How have engagement ring styles, sizes, and designs changed over the years?
Is a decade a long enough period for engagement ring trends to change, and most importantly, which are some of the most significant changes in engagement rings across the years?
Engagement ring trends
Did you know that the most popular engagement ring style in the last 100 years has been the simple, round solitaire-cut diamond made of at least 1-carat weight of diamonds and set on a high-quality gold yellow gold band; this is, according to Andrew Brown, WP Diamonds’ president.
Brown further notes that while there will always be a great deal of innovations in the diamond industry, changing trends don’t really show much change, and in most cases, trends just revert back to the classic.
As a result, the ideal standard design for engagement rings is in the form of round diamonds. This engagement ring style will remain the popular shape, even as the cushion and oval cuts keep rising.
So, while the ring trends aren’t changing as much, there isn’t much change that you can expect.
Note that if you love colored gemstones, you shouldn’t expect it to be much trendier for longer, given the declining supply of colored diamonds.
However, oval-cut diamonds are trendy today, and they remain the rage. These diamond rings feature thin bands, which make the large oval diamonds stand out.
The oval stones are often set vertically, although there are instances where the stones are set horizontally. And with the oval diamonds, you’ll get to choose different styles of engagement rings.
But how have engagement ring styles changed in the last century?
Below, we’re sharing details of the design changes in engagement rings over each decade.
Keep in mind that from the 1920s, the emerald-cut diamonds and other forms of gemstones have primarily been in and out of fashion with the Asscher-cut diamonds, the ones boasting a step-cut shape in a square shape becoming increasingly popular.
From the 1920s to date, round-cut stones have been a staple, especially where wedding and engagement rings are concerned.
1920s engagement ring styles
Engagement rings first became very popular in the 1920s when the DeBeers diamond company created and marketed the first diamond engagement rings.
The first of these engagement rings featured halo-style diamonds. These diamonds can be described as geometric-shaped diamonds. The diamonds featured sharp lines, and their features coincided with the height of the popular Art Deco period.
The engagement ring styles of the 1920s were largely Asscher and Emerald-cut, but for individuals who wanted more extravagant ring styles, these diamonds would be accentuated with diamonds into a stunning halo design.
When you think of the 20s, you may want to believe in the direction of the Great Gatsby, with most of the rings giving off that Art Deco flair of extravagance and uniqueness, not to mention the mix of stone cuts and sizes.
1930s engagement ring styles
The next decade features a large variety of ribbon-shaped engagement rings. Essentially, the engagement rings of the 1930s were designed to show the evolving times, specifically, an evolution from the Art Deco period to the more modern era of the 1930s.
Most of the engagement rings featured single diamonds that were the centerpieces, and these single stones were set on bow or ribbon-shaped bands made of gold, sterling silver, platinum, and other metals.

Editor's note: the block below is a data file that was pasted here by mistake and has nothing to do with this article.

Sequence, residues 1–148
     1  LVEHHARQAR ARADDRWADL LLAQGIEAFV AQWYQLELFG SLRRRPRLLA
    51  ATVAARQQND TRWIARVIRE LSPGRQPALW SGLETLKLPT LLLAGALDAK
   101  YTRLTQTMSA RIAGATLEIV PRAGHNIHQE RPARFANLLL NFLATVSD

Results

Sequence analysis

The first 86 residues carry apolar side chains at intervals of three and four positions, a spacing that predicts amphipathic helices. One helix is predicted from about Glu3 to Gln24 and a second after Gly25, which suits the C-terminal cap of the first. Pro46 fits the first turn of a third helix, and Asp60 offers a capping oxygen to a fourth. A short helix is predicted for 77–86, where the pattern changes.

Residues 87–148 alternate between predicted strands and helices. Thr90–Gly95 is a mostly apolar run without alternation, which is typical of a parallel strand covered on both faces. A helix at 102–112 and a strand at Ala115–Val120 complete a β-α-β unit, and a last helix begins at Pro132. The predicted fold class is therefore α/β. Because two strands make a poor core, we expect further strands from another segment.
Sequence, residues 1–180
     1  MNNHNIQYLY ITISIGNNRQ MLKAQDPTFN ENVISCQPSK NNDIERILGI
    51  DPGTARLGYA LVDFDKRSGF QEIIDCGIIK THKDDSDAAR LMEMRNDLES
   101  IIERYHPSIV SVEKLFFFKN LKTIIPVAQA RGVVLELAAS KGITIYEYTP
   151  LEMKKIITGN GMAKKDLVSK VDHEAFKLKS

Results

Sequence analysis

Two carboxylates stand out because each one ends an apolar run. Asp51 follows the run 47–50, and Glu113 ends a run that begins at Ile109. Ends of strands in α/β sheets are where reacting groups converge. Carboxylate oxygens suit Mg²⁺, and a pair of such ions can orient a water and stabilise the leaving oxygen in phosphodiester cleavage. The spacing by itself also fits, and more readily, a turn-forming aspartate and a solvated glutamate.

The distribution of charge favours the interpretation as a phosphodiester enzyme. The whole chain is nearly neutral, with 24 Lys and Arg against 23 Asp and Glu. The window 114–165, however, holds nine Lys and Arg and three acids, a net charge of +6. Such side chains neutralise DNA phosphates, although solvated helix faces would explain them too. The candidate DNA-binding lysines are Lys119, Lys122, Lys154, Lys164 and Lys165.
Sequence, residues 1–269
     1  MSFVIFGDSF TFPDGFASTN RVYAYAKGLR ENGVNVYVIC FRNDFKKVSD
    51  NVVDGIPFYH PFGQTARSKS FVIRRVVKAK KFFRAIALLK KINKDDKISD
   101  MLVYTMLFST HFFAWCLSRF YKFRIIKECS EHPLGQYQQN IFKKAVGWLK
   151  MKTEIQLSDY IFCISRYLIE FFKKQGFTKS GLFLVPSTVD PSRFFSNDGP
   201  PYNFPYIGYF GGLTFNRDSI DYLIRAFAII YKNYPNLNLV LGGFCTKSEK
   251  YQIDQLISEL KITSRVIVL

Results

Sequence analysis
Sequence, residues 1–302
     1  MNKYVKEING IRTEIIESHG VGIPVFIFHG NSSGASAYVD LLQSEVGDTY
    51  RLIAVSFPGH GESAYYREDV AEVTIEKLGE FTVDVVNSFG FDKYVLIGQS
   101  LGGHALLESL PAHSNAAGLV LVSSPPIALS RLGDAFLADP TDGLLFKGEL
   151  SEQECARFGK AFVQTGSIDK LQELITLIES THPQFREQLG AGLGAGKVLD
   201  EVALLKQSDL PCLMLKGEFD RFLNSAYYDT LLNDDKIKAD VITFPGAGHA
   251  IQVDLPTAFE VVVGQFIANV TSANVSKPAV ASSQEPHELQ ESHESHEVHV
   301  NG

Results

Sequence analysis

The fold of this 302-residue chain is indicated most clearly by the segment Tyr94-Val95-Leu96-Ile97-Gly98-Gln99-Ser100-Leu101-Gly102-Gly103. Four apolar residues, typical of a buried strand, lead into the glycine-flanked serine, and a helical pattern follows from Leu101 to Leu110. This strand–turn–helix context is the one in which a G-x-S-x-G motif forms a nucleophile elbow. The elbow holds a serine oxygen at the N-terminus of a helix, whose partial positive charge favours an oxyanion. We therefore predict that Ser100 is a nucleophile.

1940s engagement ring styles
In the 1940s, the round-cut diamonds were back in style, essentially the rage for the entire 1940s.
This ring style was popularized largely by the De Beers diamond company, which contracted the services of a US advertising agency to create a marketing strategy and campaign that would increase the company’s diamond ring sales.
The lower diamond sales merited this by the end of the 1930s, and after research for a number of years, they created the now infamous Diamond is Forever commercial of 1947.
The diamond remained the rage through the 40s. Besides the round-cut stones, the most popular engagement rings of the time were made of yellow gold and rose gold.
These colorful gold bands grew quite popular because the period coincided with World War II, when there was much-limited access to metals like platinum. This led to the unprecedented popularity of the yellow gold and rose gold bands that remain a preferred style to date.
1950s engagement ring styles
The 1950s saw several couples choosing pear-shaped engagement rings, most of which were double-banded. These rings were the rage throughout the 1950s, with Audrey Hepburn’s most iconic engagement ring with a trio band in three gold colors.
This stackable engagement ring style became the rage of the decade. This decade also saw an increased demand for engagement rings made with bigger diamonds, and the stackable designs of the rings became even more popular.
While some wore rings with plain bands, many other stackable pear-cut diamond engagement rings featured very thin bands set with multiple smaller diamonds in a pave setting style.
Since this was After the Great Depression, engagement rings from the 50s are essentially pieces of the Retro Era.
While they mainly featured simple ring designs, they also had some of the largest diamond center stones. Solitaire, baguette side stones, and pear and three-stone ring styles were also very popular in the 1950s.
1960s engagement rings
Throughout the 1960s and with changing styles and jewelry style preferences, the rage of the decade was engagement rings featuring Asscher-cut diamonds.
In other words, the 1960s saw a return and rise of the Art Deco jewelry style featuring multiple clean lines and geometric shapes.
So, the most notable styles of engagement rings preferred by couples in the 1960s featured the emerald-cut and Asscher-cut stones, which were very extravagant.
One of the most notable engagement rings of the period was the engagement ring worn by Jackie Kennedy.
She received the ring from President John F. Kennedy, which featured diamonds and emeralds, setting the stage for couples’ diamond and colored gemstone engagement rings. In other words, this was the time when engagement rings made of colored stones grew more popular.
1970s engagement ring styles